Photo: Chris Hondros/Getty

Staffing shortages during the government shutdown are affecting everyone from food stamp recipients to immigrants seeking asylum. Now, some inmates in a federal jail in New York City are responding to cancelled family visits by going on hunger strike.

Sarah Baumgartel, a federal public defender with a client jailed at the Metropolitan Correctional Center, told the New York Times that her client and others went on a hunger strike Monday after their family visits were cancelled for a second week. The visits, she said, were caused by staffing shortages stemming from the shutdown, which is now in its fourth week.

“They have already refused a meal—I believe they refused breakfast and lunch,” Baumgartel told the publication, declining to identify her client. “My client is in the unit, he’s participating.”

Baumgartel said although the protest may only be in one unit for now, her client wanted to take part in the hunger strike “because of the importance of everyone having their visits.”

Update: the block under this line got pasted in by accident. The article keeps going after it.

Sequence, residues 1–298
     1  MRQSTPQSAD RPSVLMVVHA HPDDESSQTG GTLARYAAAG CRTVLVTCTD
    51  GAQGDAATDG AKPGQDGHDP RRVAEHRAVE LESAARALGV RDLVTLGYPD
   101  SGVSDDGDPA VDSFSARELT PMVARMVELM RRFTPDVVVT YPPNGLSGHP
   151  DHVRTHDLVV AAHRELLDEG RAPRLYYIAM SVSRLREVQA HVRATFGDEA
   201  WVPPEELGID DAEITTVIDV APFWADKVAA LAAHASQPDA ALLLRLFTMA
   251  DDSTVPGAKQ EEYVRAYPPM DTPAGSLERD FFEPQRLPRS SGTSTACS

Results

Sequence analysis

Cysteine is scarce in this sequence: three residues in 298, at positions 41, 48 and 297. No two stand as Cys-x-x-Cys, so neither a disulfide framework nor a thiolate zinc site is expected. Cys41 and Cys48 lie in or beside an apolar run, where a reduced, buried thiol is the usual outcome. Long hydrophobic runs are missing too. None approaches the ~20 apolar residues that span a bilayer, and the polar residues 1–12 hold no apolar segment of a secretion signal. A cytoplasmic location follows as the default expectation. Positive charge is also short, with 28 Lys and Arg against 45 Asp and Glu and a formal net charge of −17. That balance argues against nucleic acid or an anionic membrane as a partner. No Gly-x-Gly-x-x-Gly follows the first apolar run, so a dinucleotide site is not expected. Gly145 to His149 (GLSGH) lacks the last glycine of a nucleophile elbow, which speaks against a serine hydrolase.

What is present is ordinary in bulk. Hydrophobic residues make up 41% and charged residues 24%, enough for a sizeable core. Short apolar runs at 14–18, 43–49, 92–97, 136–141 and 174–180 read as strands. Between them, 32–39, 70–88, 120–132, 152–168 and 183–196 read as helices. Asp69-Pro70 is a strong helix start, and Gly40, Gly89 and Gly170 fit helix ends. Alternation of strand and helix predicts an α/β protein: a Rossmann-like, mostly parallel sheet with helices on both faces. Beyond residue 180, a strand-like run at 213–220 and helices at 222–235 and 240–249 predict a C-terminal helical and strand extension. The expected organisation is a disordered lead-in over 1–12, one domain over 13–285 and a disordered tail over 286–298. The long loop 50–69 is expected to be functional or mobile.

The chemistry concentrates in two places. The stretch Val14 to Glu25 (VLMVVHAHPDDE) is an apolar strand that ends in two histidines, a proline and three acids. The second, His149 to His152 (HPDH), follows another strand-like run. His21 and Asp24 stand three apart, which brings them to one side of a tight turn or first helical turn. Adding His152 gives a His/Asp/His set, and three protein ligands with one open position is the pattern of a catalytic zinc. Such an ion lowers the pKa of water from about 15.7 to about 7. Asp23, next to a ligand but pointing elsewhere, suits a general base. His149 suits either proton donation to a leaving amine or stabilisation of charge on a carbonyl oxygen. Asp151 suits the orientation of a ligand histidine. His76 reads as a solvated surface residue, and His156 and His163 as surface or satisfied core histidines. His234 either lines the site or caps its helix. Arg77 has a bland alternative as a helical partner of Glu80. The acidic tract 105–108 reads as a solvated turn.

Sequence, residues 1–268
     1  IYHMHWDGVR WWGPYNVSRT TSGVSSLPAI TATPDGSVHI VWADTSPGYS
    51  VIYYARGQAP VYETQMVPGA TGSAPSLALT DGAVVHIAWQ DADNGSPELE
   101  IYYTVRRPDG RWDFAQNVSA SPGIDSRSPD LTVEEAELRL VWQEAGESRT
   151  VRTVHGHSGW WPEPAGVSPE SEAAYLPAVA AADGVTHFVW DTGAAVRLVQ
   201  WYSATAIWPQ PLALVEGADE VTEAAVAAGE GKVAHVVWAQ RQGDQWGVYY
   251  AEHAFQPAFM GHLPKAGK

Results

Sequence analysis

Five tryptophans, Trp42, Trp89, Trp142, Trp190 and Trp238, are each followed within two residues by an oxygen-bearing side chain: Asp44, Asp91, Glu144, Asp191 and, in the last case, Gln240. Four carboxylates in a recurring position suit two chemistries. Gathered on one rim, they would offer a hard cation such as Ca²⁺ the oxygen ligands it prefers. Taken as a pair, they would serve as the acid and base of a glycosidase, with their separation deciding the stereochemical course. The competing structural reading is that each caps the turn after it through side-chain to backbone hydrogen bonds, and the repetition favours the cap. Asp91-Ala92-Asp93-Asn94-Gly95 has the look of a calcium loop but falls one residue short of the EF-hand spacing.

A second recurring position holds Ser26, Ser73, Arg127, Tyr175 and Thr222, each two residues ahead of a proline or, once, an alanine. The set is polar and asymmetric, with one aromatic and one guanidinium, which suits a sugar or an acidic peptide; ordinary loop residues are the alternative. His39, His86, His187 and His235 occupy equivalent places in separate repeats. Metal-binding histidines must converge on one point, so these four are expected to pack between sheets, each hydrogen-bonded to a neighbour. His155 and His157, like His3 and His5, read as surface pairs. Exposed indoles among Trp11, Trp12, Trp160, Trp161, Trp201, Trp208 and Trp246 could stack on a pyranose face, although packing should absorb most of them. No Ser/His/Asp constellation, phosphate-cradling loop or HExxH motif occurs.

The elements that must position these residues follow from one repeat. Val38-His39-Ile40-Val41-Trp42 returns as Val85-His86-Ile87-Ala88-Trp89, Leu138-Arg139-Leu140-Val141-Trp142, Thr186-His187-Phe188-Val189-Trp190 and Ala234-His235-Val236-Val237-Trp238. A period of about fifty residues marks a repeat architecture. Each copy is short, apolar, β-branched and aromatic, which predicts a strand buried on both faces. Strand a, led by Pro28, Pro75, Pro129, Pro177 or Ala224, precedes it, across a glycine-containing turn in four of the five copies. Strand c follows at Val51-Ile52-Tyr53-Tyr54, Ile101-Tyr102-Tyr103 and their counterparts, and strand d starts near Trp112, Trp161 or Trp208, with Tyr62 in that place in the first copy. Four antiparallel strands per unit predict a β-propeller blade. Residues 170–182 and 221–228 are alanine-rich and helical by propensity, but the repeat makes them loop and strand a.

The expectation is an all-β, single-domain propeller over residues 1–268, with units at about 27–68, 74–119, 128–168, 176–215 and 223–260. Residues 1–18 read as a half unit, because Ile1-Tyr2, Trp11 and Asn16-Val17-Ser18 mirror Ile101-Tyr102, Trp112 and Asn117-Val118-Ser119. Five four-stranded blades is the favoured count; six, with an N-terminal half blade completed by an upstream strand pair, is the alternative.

Prison staffing shortages resulting from President Donald Trump’s government shutdown over his border wall are also affecting remaining staffers’ ability to dispense medications to inmates. The Times reported one prosecutor said during a federal court hearing that his office was told “there are issues with prescribing medication” because of the shutdown.

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Other inmates in New York-area prisons are feeling the ill effects of the shutdown as well. At a federal jail in Brooklyn, lawyers haven’t been able to see their clients, they told the Times. Emails sent by the Federal Defenders of New York to federal judges for Brooklyn and Manhattan also said attorneys’ visits to jails have been cancelled entirely or for several hours seven days so far this month.

MCC staffing shortages have also resulted in cancelled or shortened recreation time for inmates, access to doctors, and medical care, Serene Gregg, president of a local chapter of American Federation of Government Employees, which represents MCC employees, told the Times. Gregg said some inmates have asked for medical care and been taken out of their cells but sent back after “nobody is there to see them.”

“There has been some pushback from inmates in terms of eating the meals provided,” Gregg said. “The tensions in the building are very, very high.”

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So much for that steak everyone was so worried about.